Just months into Rock Hill schools $9 million initiative to put an iPad in the hands of every fourth- through eighth-grade student, and the reviews from students, parents and teachers seem positive.
Monday night, the Rock Hill school board heard its first update on iRock since its full implementation at the start of this school year.
Students, parents and teachers were surveyed about the multi-year technology program in the fall. Findings included:
• More than 83 percent of the 4,600 students participating in iRock agreed or strongly agreed that they had the technology they needed in the classroom. Nearly three-quarters of students disagreed or strongly disagreed that they used technology in class too much.
• More than half of the 431 parents surveyed strongly agreed that there was value in using technology for projects. Less than a third of parents agreed or strongly agreed that students were using too much technology.
• Two-thirds of the parents said they strongly agreed or agreed that they were pleased with how technology was being used at school. More than 70 percent said their childs classes were more interesting to them when technology was utilized.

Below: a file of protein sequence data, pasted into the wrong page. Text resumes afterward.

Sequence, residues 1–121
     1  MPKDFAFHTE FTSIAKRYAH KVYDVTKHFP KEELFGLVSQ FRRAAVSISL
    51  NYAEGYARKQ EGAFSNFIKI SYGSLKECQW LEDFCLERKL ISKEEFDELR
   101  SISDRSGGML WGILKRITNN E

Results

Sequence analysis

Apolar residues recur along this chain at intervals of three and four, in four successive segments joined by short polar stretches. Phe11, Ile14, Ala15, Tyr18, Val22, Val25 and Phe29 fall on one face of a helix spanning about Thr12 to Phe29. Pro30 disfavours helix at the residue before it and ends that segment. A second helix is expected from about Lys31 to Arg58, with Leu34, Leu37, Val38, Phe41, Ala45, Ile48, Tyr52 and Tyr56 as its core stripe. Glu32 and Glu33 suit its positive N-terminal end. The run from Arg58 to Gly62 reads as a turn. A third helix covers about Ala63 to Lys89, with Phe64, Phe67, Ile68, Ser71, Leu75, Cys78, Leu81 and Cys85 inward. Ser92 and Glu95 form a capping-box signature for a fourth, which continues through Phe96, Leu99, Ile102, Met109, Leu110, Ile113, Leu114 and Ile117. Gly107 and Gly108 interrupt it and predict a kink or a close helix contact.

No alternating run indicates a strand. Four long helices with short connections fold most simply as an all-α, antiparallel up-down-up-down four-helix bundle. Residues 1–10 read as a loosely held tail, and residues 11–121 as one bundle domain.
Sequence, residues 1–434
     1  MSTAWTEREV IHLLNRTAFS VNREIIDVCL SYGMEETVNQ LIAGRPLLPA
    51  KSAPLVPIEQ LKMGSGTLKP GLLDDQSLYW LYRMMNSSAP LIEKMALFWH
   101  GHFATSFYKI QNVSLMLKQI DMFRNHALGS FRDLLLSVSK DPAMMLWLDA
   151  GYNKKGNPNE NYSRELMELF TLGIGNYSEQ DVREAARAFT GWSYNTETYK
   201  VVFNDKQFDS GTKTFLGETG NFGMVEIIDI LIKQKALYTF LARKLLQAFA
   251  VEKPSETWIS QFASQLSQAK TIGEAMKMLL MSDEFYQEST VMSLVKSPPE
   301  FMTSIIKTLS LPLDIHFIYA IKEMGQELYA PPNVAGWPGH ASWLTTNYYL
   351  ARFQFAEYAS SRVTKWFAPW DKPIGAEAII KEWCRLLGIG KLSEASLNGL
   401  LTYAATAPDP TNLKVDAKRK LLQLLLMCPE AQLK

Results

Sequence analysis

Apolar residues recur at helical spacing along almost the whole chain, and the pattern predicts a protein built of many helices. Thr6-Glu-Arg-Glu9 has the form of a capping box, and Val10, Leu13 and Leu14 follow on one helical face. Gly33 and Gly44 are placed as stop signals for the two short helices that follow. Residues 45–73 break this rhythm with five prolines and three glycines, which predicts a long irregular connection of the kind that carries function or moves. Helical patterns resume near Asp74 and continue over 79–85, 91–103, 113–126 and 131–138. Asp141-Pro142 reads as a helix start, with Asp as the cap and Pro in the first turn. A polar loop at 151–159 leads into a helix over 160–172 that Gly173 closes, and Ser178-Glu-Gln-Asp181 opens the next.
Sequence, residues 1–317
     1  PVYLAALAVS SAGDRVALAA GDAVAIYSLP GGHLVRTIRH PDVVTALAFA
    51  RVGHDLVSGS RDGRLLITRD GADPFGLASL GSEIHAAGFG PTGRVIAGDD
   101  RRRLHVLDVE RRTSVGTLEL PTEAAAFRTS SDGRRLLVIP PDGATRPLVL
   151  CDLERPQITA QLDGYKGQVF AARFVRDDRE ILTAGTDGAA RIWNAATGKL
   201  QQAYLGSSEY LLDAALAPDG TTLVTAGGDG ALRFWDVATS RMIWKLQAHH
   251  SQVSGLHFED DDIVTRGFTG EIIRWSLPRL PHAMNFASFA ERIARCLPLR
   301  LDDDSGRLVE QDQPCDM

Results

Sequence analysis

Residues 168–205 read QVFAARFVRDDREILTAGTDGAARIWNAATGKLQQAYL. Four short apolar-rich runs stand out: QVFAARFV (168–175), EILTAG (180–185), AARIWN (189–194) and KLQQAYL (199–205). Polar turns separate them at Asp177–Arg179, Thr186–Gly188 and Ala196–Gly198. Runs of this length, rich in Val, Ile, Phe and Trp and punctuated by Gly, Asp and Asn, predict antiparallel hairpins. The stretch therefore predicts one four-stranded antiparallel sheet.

• Most of the 481 teachers surveyed reported that theyre getting enough professional development in using technology and developing instructional strategies that incorporate technology. More than half also said they need more professional development.
• Just over 16 percent of teachers agrees or strongly agreed theyve seen improvement in student performance and behavior, but far more reported they either disagree theres been improvements or they neither agree nor disagree.
Students and teachers did report problems connecting to the network in the schools.
Harriet Jaworowski, associate superintendent for instruction and accountability, said that at the beginning of the year, a lot of work was in progress to fix the networks.
Board members did not comment about the surveys results, but member Ann Reid asked what would be done with the survey results. Jaworowski said administrators would look for progress in another survey in the spring.
Anthony Cox, associate superintendent for administrative services, also addressed concerns teachers and administrators had expressed to board members about changes to printing policies.
The district was trying to reduce its printing budget by 8 percent, he said, based on what other districts had experienced when implementing digital initiatives. Administrators were doing so in a way that should improve quality, he said, while reducing costs and making it easier on teachers and administrators.
Rachel Southmayd • 803-329-4072